Britain continues to mourn the death of Queen Elizabeth II as the country undergoes vast political changes to the monarchy and royal family members shuffle titles and take on new responsibilities.
Most notably, Charles has ascended to the throne as King Charles III. His former titles, the Duke of Cornwall and the Prince of Wales, have been passed to his son, Prince William.
With new titles come new inheritances, of course, and thanks to William’s new Duke of Cornwall crown, he will be inheriting the Duchy of Cornwall estate, valued at over $1.2 billion.
Highgrove (David Goddard/Getty Images)
William now has the rights to the estate and the title thanks to a charter that states the eldest surviving son of the current monarch will have ownership of the property and can also draw up rules for how funds generated from the estate’s businesses will be allocated.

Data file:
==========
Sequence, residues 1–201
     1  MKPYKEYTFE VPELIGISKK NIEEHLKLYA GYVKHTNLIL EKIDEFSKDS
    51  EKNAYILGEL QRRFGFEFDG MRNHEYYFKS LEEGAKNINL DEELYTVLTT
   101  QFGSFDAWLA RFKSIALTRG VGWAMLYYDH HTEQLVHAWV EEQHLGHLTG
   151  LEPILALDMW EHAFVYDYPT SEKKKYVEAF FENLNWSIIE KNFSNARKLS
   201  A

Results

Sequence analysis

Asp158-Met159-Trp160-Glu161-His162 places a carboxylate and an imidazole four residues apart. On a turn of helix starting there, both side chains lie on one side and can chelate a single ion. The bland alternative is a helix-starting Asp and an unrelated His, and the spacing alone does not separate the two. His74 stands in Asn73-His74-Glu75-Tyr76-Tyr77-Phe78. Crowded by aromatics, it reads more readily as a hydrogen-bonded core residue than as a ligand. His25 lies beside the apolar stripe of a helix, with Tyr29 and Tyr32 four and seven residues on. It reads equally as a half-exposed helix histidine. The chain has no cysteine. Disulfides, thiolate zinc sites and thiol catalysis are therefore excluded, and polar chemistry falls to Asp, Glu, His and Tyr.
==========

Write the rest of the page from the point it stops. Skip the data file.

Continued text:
The estate is around 685 years old and takes up about 128,000 acres made of mostly farmland that spans over 23 countries, established by King Edward III in the 1330s. The Duchy also oversees an Oval cricket ground (in central London), Dartmoor prison and many commercial and investment properties as well as residential and rental homes. Most of the property that the estate owns is rented out.
The Oval cricket ground is owned by the Duchy. (Gareth Copley/Getty Images)
It was estimated that last year, Charles (during his role as the Duke of Cornwall) oversaw $23 million in income that was generated from activity on the estate, such as property rentals and farming revenue.
Prince William (nor King Charles III) are required to pay any property taxes on their estates but have been voluntarily doing so since 1993.
Isles of Sicily (where the Duchy owns most of the land) and Cromwell’s Castle (James Paterson/N-Photo Magazine/Future via Getty Images)
The inheritance of the Duchy of Cornwall estate makes Prince William one of the biggest landowners in England.
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